The Kentucky Supreme Court held: “Section 14 provides for courts to be “open.” Section 14 affords “every person for an injury done him in his . . . person . . . remedy by due course of law, and right and justice administered without. . . delay.” Forcing a medical malpractice claimant seeking immediate redress for an alleged common-law personal-injury to be at the mercy of the other parties involved when attempting to bypass the panel process cannot satisfy Section 14’s mandate that “[a]ll courts … be open” and every Kentuckian “shall have remedy by due course of law, and right and justice administered without . . . delay.”

“What makes the delay imposed by Chapter 216C unconstitutional is the General Assembly’s usurpation of a claimant’s freedom to access the adjudicatory method of his or her choosing at the time of his or her choosing. Chapter 216C is in contravention of Section 14 because no adjudication whatsoever takes place of a medical-malpractice claimant’s claim unless a valid agreement has been made to arbitrate or bypass the panel process. Claimants may only seek immediate redress for their common-law personal-injury claims through arbitration or the courts if, and only if, the adverse parties agree to proceed through arbitration or the courts. This is an untenable restriction on the exercise of the individual’s right to receive “remedy by due course of law, and right and justice administered without. . . delay” from an “open” court system. The mandatory imposition of a delay in seeking immediate redress for a common-law personal-injury claim in the adjudicatory forum of the claimant’s choosing cannot amount to “due course of law,” because it is as though no “course of law” is taking place whatsoever. No “right and justice” is being “administered” at all. And, not only have the courts become closed, in contravention of the mandate that they “shall be open,” but seemingly every dispute-resolution process for malpractice claims has been closed, unless all parties agree to arbitrate or bypass the panel process.”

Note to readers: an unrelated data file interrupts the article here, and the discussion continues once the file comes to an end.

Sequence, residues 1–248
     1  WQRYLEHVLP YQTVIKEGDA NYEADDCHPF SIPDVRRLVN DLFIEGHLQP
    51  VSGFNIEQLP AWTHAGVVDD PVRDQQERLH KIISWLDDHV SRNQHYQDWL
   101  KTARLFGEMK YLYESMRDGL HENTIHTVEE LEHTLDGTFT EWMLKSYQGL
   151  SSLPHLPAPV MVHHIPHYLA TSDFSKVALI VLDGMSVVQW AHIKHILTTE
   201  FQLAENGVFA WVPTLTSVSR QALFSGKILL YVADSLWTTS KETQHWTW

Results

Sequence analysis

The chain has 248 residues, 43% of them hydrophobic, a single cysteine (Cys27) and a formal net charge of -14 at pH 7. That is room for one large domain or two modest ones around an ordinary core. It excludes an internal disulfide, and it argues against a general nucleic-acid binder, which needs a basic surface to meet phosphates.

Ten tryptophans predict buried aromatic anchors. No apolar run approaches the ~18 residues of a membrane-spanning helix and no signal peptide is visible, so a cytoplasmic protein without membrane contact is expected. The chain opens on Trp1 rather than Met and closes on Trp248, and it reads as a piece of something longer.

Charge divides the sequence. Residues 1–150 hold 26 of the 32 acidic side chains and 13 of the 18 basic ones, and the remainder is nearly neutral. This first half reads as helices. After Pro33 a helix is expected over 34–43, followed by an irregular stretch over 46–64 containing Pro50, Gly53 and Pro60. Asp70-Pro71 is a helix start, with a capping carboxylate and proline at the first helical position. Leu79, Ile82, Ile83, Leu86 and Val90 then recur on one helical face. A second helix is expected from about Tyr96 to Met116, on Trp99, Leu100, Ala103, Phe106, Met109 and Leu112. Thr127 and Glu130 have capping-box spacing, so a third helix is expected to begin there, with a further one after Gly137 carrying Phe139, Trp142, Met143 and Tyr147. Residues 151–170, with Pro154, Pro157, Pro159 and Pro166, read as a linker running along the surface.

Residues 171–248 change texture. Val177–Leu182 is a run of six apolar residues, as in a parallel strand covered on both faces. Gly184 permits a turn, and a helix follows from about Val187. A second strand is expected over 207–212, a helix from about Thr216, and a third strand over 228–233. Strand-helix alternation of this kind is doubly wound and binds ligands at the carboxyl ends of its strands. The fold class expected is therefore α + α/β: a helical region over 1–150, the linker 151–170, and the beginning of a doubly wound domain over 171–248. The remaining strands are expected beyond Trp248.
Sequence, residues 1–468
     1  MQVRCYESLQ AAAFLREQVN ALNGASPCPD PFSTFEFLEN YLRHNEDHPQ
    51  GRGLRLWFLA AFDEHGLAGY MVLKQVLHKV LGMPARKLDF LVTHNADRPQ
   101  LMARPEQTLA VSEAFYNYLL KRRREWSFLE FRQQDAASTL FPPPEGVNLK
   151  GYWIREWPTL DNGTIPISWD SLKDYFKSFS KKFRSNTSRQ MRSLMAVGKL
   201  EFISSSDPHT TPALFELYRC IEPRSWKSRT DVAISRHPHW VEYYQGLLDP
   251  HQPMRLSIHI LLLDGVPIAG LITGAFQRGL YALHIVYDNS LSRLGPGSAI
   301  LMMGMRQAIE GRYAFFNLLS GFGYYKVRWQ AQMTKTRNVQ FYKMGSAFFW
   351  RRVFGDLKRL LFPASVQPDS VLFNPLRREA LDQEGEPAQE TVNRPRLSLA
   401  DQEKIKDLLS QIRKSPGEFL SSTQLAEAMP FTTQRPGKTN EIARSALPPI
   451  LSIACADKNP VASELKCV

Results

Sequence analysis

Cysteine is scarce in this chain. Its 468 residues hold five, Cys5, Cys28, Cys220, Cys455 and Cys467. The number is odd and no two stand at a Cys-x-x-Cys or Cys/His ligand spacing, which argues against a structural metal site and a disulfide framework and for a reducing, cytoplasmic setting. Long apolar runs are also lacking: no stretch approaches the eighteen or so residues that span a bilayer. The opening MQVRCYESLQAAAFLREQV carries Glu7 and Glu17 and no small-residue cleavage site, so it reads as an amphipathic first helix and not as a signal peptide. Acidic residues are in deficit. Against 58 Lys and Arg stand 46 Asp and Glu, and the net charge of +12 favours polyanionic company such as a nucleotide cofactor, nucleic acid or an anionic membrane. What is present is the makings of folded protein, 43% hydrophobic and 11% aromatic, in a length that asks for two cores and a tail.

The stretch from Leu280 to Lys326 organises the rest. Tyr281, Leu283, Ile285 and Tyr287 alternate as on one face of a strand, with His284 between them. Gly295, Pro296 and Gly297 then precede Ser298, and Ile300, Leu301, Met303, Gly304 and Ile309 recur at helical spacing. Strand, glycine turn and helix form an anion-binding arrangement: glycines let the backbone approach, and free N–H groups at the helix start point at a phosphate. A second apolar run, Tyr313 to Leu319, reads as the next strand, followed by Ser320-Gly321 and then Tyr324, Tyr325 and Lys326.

The Kentucky Supreme Court held: “The entirety of Chapter 216C violates Section 14, and there is “no set of circumstances . . . under which the Act would be valid.’’ Therefore, we must declare the entire Act void as unconstitutional.”

Source Commonwealth of Kentucy v. Claycomb, 2017-SC-000614-TG, 2017-SC-000615-TG.

If you or a family member may be the victim of medical malpractice in Kentucky or in another U.S. state, you should promptly consult with a Kentucky medical malpractice lawyer or a medical malpractice lawyer in your state who may investigate your medical malpractice claim for you and represent you or your family member in a medical malpractice case, if appropriate.

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This entry was posted on Friday, November 16th, 2018 at 5:23 am. Both comments and pings are currently closed.